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Clin Neurophysiol. 2011 Mar;122(3):558-566. doi: 10.1016/j.clinph.2010.07.026. Epub 2010 Aug 21.

Spatial steering of deep brain stimulation volumes using a novel lead design.

Author information

1
Philips Research, High Tech Campus 34, 5656 AE, Eindhoven, The Netherlands. Electronic address: hubert.martens@philips.com.
2
Philips Research, High Tech Campus 34, 5656 AE, Eindhoven, The Netherlands.
3
Neuronexus Technologies, 3985 Research Park Dr. Suite 100, Ann Arbor, MI 48108, USA.
4
Cleveland Clinic, Department of Neurosciences, NC30, 8900 Euclid Ave., Cleveland, OH 44195, USA; University of Minnesota, Department of Neurology, 516 Delaware Street SE, Minneapolis, MN 55455, USA.
5
Cleveland Clinic, Department of Neurosciences, NC30, 8900 Euclid Ave., Cleveland, OH 44195, USA; University of Minnesota, Department of Biomedical Engineering, 7-105 NHH, 312 Church Street SE, Minneapolis, MN 55455, USA.

Abstract

OBJECTIVE:

To investigate steering the volume of activated tissue (VTA) with deep brain stimulation (DBS) using a novel high spatial-resolution lead design.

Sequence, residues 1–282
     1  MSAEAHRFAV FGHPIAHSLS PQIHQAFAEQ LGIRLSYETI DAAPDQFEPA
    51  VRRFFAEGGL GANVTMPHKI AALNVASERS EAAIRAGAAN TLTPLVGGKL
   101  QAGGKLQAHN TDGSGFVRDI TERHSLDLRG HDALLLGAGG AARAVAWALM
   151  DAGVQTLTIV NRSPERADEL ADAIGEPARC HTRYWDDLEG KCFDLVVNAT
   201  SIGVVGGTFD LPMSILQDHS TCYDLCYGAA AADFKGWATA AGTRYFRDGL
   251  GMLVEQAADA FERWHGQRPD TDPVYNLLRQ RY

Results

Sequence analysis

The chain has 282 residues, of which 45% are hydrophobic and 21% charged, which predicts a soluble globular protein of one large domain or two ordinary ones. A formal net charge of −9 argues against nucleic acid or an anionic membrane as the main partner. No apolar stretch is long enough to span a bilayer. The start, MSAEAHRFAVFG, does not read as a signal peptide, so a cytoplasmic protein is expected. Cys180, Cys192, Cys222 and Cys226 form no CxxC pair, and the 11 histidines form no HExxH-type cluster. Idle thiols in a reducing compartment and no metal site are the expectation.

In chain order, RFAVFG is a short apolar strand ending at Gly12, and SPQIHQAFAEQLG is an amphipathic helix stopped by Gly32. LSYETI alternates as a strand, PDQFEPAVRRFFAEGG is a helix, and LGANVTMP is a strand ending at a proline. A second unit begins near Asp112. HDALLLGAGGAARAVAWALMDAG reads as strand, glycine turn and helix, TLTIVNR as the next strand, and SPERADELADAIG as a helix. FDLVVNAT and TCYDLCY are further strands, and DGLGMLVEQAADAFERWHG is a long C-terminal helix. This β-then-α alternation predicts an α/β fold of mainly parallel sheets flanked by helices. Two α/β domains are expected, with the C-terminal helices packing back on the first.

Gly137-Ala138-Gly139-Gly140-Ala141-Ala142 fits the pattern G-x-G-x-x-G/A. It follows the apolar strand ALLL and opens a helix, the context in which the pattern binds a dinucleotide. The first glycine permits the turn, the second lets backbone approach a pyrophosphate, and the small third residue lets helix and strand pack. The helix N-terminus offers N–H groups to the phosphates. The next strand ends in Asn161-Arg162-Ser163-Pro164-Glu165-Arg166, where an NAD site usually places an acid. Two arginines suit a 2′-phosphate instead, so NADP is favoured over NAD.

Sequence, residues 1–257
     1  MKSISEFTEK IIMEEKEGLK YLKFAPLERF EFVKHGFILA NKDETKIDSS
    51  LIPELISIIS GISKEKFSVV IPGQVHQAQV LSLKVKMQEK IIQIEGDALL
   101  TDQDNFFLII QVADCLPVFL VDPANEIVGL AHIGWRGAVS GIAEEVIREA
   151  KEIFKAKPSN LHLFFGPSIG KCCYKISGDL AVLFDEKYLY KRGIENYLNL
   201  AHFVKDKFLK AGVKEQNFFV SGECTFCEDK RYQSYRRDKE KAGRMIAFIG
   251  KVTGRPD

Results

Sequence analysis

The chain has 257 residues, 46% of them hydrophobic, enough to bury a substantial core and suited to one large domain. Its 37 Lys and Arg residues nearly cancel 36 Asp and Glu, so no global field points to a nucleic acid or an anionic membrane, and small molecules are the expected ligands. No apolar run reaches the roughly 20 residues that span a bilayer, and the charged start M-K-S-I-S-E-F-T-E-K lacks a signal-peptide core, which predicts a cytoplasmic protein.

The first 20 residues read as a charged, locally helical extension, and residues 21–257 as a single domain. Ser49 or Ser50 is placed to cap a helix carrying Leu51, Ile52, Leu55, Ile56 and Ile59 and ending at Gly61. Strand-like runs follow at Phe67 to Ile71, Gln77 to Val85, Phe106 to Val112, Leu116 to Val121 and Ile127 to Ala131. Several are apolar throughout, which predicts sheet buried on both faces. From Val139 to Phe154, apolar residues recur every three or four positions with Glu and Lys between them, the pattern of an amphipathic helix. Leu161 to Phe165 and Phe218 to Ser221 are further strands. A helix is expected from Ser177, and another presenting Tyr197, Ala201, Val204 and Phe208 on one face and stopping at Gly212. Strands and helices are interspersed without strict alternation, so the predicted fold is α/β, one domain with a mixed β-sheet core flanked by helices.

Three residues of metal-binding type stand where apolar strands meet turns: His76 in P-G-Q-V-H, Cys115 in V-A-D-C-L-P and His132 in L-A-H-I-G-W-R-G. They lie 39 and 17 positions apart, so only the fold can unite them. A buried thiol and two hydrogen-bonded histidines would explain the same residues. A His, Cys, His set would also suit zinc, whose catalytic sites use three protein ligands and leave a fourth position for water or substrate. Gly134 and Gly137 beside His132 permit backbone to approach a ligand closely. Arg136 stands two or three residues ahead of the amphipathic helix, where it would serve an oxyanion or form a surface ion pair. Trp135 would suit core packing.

METHODS:

We examined the effect of asymmetric current-injection across the DBS-array on the VTA. These predictions were then evaluated acutely in a non-human primate implanted with the DBS-array, using motor side-effect thresholds as the metric for estimating VTA asymmetries.

RESULTS:

Simulations show the DBS-array, with electrodes arranged together in a cylindrical configuration, can generate field distributions equivalent to commercial DBS leads, and these field distributions can be modulated using field-steering methods. Stimulation with implanted DBS-arrays showed directionally-selective muscle activation, presumably through spread of stimulation fields into portions of the corticospinal tract lying in the internal capsule.

CONCLUSIONS:

Our computational and experimental studies demonstrate that the DBS-array is capable of spatially selective stimulation. Displacing VTAs away from the lead's axis can be achieved using a single simple and intuitive control parameter.

SIGNIFICANCE:

Optimal DBS likely requires non-uniform VTAs that may differentially affect a nucleus or fiber pathway. The DBS-array allows positioning VTAs with sub-millimeter precision, which is especially relevant for those patients with DBS leads placed in sub-optimal locations. This may present clinicians with an additional degree of freedom to optimize the DBS therapy.

PMID:
20729143
DOI:
10.1016/j.clinph.2010.07.026
[Indexed for MEDLINE]

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